Accessory Dwelling Units as Mansionization Control

One benefit of more accessory dwelling units (ADUs) could be less mansionization of oversized single-family homes.

1 minute read

May 10, 2019, 10:00 AM PDT

By James Brasuell @CasualBrasuell


McMAnsion

Rigucci / Shutterstock

Sarah Anne Lloyd reports on Seattle's efforts to tweak its ADU laws to make the buildings, also known as mother-in-law units or granny flats, to reduce the prevalence of McMansions.

Legislation that would reform ADU regulations is still taking shape, but some councilmembers are pushing for a version of reform that would reduce floor-area ratio (FAR) as a method to reduce the incentives for building large, bulky mansions on single-family lots.

Lloyd explains:

Single-family zoning in Seattle is currently extremely permissive. While it has height limits (25 to 30 feet), there’s no limit to FAR, as long as the giant home that results is only one home. This is how you get giant, out-of-scale houses in single-family neighborhoods: They’re built to maximize square footage under height limits.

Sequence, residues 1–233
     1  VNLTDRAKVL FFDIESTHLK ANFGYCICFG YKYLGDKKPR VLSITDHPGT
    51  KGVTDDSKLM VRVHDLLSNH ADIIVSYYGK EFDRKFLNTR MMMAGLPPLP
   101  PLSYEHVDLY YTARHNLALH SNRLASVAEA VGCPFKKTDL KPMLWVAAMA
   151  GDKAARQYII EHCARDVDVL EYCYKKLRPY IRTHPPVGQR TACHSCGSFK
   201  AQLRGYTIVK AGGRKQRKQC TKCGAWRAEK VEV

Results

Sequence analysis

The ADU legislation, in an effort to incentivize both building new homes and keeping older homes around, would set an FAR limit at 0.5 for the main home on a single-family lot, whether the home has ADUs or not.

ADU legislation has been in the works in Seattle for years now, so it might still be some time before the City Council produces a final action. ADUs were intended as a key component of affordability measures recommended by the city's Housing Affordability and Livability committee (HALA) in 2015.

Tuesday, May 7, 2019 in Curbed Seattle

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